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Help Hyperactive Kids Focus Better

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  • October 20, 2020
  • Dr. Hetal Dave

How to support children who have hyperactvity & inattention

I know that I am not alone when I say that I struggle to sit through webinars and meetings without doodling on my paper, shifting in my seat, getting up to use the bathroom and occasionally whispering with my colleague friend next to me. Now, these are every fortnight and only for a couple of hours. Every time I leave, I think, “How are kid expected to do it all day?!”

Working with a variety of children, I have come across several students who struggle with hyperactivity and inattention. Regardless of whether these struggles stem from a complex sensory profile, or from psychological trauma, it can impact their ability to learn and feel successful in their daily life.

Today I thought I would share some of the strategies I have learned to support these kiddos in my therapy! Here are my 6 ways to support these kids with hyperactivity and inattention.

1. Thera-Bands

 

You have probably seen these Thera-Bands used in Pilates classes, but they work great for wrapping around the legs of chairs. It helps with those wriggly legs and keeps them from unintentionally kicking their desk (and their peers!) When they sit in their chair, they place their feet behind the Thera-Band and try and pull their legs forward (it’s really hard to do!) It is a great way for them to expend energy, and helps them keep a safe body in the classroom.

2. Wobble Cushions

 

I used to use fidget toys in my therapies ,but even with consistent previewing and modelling, they often became toys and projectiles. Now I use soft weighted medicine balls, and it has alleviated many of the issues I had with fidget toys. Kids sit criss-cross and place the ball in their lap. It helps them to feel grounded in their place, while providing sensory input. They are allowed to lift it with the arms, but only to their chest and back. They are generally too heavy for them to move more than that, and I no longer find things flying across my therapy room in the middle of the session.

3. Soft, Weighted Medicine Ball

 

I used to use fidget toys in my therapies ,but even with consistent previewing and modelling, they often became toys and projectiles. Now I use soft weighted medicine balls, and it has alleviated many of the issues I had with fidget toys. Kids sit criss-cross and place the ball in their lap. It helps them to feel grounded in their place, while providing sensory input. They are allowed to lift it with the arms, but only to their chest and back. They are generally too heavy for them to move more than that, and I no longer find things flying across my therapy room in the middle of the session.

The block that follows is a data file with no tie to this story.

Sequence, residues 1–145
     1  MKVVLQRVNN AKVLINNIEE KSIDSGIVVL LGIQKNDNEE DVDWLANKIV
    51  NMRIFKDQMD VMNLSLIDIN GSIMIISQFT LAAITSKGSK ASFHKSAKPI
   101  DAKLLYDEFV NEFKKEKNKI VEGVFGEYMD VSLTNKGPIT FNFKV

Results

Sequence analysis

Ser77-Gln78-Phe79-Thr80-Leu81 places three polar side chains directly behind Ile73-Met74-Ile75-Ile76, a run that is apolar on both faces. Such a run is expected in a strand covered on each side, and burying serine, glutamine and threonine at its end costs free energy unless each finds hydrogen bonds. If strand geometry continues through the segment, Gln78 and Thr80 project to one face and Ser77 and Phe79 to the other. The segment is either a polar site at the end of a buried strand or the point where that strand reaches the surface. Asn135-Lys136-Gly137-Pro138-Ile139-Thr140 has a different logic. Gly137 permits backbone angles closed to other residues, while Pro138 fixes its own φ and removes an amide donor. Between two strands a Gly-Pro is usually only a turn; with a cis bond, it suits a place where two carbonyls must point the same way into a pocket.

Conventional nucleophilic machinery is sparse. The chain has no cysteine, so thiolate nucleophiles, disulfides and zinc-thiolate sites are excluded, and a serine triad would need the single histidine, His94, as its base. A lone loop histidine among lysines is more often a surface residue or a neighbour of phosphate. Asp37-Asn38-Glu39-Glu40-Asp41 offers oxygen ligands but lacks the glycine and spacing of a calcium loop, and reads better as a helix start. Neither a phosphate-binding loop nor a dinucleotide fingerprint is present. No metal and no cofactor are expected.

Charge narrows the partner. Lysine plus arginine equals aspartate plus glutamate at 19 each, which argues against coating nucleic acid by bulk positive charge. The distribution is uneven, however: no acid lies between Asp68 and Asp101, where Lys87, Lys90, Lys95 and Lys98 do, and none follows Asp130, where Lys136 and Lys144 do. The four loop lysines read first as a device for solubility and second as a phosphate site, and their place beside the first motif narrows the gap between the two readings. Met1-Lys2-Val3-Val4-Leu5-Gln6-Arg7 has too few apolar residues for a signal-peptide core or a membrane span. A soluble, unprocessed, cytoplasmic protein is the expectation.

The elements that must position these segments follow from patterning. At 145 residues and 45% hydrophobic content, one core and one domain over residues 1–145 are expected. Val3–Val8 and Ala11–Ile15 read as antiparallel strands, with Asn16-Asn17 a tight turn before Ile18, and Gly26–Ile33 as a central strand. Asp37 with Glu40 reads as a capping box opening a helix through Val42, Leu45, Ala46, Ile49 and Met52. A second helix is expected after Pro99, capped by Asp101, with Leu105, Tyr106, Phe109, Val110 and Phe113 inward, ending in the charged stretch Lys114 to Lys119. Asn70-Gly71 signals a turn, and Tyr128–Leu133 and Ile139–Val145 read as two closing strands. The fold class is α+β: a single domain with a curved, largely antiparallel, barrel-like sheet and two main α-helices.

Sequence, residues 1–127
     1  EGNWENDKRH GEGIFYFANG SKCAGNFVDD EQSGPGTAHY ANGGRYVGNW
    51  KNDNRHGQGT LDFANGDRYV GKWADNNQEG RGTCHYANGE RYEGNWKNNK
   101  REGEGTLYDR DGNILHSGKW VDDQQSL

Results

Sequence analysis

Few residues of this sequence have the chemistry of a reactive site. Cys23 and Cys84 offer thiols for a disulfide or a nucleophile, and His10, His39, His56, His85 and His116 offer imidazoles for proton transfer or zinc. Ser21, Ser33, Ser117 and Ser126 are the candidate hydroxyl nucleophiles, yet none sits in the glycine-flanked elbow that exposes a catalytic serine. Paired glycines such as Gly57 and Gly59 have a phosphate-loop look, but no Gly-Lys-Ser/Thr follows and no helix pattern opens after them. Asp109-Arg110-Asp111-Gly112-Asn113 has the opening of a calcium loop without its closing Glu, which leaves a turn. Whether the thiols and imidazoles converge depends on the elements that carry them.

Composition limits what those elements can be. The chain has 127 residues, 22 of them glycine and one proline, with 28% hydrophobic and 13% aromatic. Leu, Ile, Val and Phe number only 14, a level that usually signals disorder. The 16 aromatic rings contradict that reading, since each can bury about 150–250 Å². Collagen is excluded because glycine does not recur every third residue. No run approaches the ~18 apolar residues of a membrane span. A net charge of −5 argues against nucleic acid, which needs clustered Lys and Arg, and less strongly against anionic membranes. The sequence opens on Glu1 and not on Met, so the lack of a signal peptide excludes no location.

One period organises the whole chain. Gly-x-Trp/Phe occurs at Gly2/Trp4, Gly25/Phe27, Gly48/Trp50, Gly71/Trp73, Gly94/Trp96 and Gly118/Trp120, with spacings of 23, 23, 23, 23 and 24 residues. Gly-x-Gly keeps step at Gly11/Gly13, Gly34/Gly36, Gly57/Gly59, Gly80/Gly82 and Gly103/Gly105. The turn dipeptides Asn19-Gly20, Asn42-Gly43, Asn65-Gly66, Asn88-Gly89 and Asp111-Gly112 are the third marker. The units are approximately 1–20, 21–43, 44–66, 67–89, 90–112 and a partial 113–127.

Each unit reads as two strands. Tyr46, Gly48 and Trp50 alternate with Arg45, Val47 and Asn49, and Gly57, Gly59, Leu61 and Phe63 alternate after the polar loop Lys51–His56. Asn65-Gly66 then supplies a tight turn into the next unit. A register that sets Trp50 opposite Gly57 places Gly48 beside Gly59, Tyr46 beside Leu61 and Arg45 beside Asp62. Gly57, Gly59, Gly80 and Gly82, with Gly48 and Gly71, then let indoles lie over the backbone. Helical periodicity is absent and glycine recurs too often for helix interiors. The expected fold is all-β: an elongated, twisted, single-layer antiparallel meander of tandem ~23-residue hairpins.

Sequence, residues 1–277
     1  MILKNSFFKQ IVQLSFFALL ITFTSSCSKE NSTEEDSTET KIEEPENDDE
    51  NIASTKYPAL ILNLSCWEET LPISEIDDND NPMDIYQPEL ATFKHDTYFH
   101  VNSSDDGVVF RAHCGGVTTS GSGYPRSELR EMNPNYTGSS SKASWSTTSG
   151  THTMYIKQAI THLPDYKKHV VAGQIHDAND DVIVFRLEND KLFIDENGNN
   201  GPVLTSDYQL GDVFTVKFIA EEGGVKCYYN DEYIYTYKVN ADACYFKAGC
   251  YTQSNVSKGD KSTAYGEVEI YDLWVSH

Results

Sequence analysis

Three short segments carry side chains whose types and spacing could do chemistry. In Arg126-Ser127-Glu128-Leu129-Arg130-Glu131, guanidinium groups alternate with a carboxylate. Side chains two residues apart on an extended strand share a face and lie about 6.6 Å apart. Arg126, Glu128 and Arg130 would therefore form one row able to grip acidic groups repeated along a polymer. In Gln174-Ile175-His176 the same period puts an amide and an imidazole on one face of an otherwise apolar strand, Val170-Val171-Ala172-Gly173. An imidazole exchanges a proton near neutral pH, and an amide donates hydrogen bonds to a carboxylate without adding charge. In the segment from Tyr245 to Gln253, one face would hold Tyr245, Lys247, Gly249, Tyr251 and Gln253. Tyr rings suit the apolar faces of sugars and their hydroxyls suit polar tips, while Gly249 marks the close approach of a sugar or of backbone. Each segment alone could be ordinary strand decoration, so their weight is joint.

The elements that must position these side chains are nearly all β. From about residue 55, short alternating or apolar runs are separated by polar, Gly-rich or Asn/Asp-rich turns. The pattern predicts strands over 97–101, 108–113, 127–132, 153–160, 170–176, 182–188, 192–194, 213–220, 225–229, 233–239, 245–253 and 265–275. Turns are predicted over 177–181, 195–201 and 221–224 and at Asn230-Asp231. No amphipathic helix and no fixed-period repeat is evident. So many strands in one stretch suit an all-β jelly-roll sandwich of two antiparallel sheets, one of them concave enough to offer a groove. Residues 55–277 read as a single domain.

4. Therapy Balls

 

I love using Therapy balls for sitting activities . Like move-and-sit cushions, they are great for providing the feeling of movement with limited distraction, while simultaneously developing core strength.

5. Chewable Pencil Toppers

 

For schools or therapy centres where chewing gum isn’t allowed, these chewable pencil toppers are great focus tools! Chewing is a great way to give kids the sensory input they are seeking while they work. They chew and think, write something down, and then go back to chewing as they think. It works wonders! If you can’t get your hands on these toppers, a bag of pretzels or any chewy food can be a great supplement!

6. Individual Privacy Partition

 

They are particularly helpful to kids with attention issues. Limiting the amount of visual stimulation that can distract them is key, and these partitions do the trick. You can use protector sheets taped to the inside, where You can put checklists and directions for kids that need that individual reminder.

I hope you found some of these ideas helpful. I’m curious to know strategies that you might use to support kids at your home or school settings! Comment and do let me know!!

Published by

Dr. Hetal Dave

7 Articles

Dr. Hetal Dave is a Paediatric Occupational Therapist working in the field of Paediatrics with an experience of over 6 years. She has a special training in treating kids with Autism Spectrum Disorder from Com DEALL,...

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